Air strikes in Damascus wreck last day of Syria truce
30 October, 2012
AMMAN/DAMASCUS: Syrian jets bombed parts of Damascus on Monday in what residents said were the capital's fiercest air raids yet, underlining the collapse of a truce proposed by peace envoy Lakhdar Brahimi.
"More than 100 buildings have been destroyed, some levelled to the ground," said opposition activist Moaz al Shami, who said he had witnessed three air raids in the northeastern suburb of Harasta alone. "Whole neighbourhoods are deserted." Syrian state television said a terrorist car bomb had killed 10 people, including women and children, near a bakery in Jaramana - a southeastern district of Damascus controlled by forces loyal to Syrian President Bashar al Assad.
Each side blamed the other for breaking the four-day truce for the Muslim holiday of Eidul Azha, which swiftly broke down. "I am deeply disappointed that the parties failed to respect the call to suspend fighting," UN chief Ban Ki-moon said in South Korea, where he received the Seoul Peace Prize.
"This crisis cannot be solved with more weapons and bloodshed the guns must fall silent," Ban said. Brahimi, after meeting Russian Foreign Minister Sergei Lavrov in Moscow, voiced regret at the fate of the ceasefire, but said it would not deter him from pursuing peace efforts. Although the Syrian military and several rebel groups accepted the plan to stop shooting over Eidul Azha, which ends on Monday, it failed to stem the bloodshed in a 19-month-old conflict that has already cost at least 32,000 lives.
According to the Syrian Observatory for Human Rights, an opposition watchdog, 420 people have been killed since Friday.
Damascus residents reported air raids on the suburbs of Qaboun, Zamalka and Irbin overnight and on Monday which they said were the heaviest since jets and helicopters first bombarded pro-opposition parts of the Syrian capital in August.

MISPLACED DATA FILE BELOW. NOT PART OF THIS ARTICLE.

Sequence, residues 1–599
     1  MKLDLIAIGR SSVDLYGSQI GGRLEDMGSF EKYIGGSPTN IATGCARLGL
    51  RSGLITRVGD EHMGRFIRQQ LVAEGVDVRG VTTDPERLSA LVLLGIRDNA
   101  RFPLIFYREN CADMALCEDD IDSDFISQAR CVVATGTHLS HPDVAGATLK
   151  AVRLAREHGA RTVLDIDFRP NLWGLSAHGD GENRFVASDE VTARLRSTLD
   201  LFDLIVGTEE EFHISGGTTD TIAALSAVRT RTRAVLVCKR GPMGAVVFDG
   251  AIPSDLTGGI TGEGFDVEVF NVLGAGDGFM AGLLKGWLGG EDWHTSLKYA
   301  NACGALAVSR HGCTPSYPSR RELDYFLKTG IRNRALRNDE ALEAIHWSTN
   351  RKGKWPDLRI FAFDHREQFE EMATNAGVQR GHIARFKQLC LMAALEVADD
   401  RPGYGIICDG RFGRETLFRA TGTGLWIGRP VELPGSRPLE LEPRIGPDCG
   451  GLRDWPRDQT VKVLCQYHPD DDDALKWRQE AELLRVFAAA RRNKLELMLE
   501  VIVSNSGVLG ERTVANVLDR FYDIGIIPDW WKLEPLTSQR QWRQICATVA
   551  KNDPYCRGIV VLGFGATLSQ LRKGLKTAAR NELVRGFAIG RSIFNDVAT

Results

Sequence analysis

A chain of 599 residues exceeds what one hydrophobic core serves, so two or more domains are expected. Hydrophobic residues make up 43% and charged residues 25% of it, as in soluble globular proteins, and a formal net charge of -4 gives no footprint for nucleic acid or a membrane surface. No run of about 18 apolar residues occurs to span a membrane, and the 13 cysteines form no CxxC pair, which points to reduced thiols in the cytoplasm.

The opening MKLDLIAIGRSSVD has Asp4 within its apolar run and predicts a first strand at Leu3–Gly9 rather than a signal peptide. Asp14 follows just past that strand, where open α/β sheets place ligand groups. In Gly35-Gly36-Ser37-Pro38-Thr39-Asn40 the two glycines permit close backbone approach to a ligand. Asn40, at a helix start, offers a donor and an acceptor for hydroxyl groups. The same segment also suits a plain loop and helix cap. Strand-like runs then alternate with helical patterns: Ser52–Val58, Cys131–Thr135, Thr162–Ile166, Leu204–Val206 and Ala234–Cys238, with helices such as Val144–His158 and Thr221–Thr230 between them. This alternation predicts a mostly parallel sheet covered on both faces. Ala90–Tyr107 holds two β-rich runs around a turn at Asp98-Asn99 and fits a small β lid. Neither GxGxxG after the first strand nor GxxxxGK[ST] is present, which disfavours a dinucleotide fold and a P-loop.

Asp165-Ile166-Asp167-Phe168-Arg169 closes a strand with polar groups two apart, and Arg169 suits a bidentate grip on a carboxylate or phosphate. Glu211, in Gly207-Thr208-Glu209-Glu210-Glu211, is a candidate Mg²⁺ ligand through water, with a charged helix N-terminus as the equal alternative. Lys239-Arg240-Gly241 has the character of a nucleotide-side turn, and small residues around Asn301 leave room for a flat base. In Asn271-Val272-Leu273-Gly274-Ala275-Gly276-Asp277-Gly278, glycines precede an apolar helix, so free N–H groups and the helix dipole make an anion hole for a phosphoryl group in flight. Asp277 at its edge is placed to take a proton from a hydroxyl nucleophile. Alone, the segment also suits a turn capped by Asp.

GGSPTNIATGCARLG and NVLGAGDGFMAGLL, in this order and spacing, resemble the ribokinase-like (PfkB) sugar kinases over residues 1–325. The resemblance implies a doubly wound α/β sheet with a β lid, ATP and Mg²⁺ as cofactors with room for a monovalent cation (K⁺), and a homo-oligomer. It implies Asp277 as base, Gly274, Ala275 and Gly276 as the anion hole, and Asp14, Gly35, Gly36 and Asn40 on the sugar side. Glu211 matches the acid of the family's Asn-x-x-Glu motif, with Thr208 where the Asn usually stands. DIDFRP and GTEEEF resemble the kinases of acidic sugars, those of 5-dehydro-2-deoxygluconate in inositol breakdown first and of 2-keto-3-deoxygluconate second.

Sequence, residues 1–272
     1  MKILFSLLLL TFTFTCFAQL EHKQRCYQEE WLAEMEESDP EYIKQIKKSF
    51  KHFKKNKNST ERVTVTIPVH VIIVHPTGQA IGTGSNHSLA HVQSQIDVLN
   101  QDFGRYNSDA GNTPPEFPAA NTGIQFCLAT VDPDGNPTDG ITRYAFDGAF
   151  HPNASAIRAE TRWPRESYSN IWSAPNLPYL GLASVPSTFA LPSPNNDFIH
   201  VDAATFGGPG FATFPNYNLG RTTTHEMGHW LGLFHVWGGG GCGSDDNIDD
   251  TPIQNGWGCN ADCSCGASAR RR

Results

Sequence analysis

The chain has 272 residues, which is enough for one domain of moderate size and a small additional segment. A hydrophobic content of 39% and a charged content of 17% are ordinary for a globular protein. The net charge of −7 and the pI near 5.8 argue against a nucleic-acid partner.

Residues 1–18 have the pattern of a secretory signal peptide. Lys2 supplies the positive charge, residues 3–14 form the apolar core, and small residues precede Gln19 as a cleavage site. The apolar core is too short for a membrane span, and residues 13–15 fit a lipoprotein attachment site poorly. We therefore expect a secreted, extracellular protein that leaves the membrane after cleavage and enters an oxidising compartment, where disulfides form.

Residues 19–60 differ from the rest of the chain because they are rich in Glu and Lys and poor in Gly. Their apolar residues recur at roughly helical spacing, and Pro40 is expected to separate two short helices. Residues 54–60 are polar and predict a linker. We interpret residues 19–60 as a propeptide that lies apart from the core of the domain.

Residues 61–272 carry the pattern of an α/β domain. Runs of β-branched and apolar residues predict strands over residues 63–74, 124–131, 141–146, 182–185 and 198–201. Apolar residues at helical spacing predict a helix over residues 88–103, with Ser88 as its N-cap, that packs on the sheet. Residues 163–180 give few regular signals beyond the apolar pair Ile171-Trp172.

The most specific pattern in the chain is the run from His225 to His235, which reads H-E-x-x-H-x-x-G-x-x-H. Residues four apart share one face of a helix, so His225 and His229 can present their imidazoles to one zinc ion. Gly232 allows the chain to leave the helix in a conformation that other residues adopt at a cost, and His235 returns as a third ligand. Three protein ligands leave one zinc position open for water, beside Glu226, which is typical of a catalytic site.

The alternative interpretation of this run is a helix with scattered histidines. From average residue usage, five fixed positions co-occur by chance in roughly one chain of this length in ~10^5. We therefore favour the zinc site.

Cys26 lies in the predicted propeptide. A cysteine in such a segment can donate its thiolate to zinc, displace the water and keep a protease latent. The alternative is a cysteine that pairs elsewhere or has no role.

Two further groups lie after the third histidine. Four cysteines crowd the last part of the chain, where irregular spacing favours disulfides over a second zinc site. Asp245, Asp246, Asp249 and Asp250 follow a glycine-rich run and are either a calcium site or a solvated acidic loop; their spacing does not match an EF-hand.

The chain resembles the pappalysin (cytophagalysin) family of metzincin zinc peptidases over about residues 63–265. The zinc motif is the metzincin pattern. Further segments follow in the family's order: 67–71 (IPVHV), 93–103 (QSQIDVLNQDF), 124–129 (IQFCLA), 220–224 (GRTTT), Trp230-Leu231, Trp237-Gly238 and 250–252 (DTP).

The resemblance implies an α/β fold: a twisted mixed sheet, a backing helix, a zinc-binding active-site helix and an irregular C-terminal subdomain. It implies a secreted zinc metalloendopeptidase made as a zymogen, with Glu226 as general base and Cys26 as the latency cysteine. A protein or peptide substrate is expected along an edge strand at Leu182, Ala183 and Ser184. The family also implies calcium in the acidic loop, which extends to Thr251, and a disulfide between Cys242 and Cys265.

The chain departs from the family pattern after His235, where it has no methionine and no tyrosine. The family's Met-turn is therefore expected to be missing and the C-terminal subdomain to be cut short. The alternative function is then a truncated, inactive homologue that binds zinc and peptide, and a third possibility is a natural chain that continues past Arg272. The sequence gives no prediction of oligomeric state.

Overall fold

"Even electricity poles have been hit and they are lying among pools of water from burst pipes. There is no food, water, electricity or telephones," said Shami, the activist in Harasta. "Army snipers surround Harasta National Hospital and no one can move from one street to another without risking being shot."
Shami said Free Syrian Army (FSA) rebels still held most of the area, but their anti-aircraft guns could not hit the warplanes.
State media said insurgents never respected the truce.
"For the fourth consecutive day, the armed terrorist groups in Deir al Zor continued violating the declaration on suspending military operations which the armed forces have committed to," state news said, later adding that rebels had also attacked government forces in Aleppo and the central city of Homs.
The Damascus air raids followed what residents said were failed attempts by troops to storm eastern parts of the city.
"Tanks are deployed around Harat al Shwam but they haven't been able to go in. They tried a week ago," said an activist who lives near the area and who asked not to be named.
Brahimi, who will visit Beijing after Moscow, said the renewed violence in Syria would not discourage him. "We think this civil war must end and the new Syria has to be built by all its sons," he said. "The support of Russia and other members of the Security Council is indispensable." Russia and China have vetoed three Western-backed UN draft resolutions condemning Assad's government for the violence.
Beijing, keen to show it does not take sides in Syria, has urged Damascus to talk to the opposition and meet demands for political change. It has advocated a transitional government.
Big-power rifts have paralysed United Nations action over Syria, but Assad's political and armed opponents are also deeply divided, a problem which their Western allies say has complicated efforts to provide greater support. Syrian opposition figures, including FSA commanders, started three days of talks in Istanbul on Monday in the latest attempt to unite the disparate groups.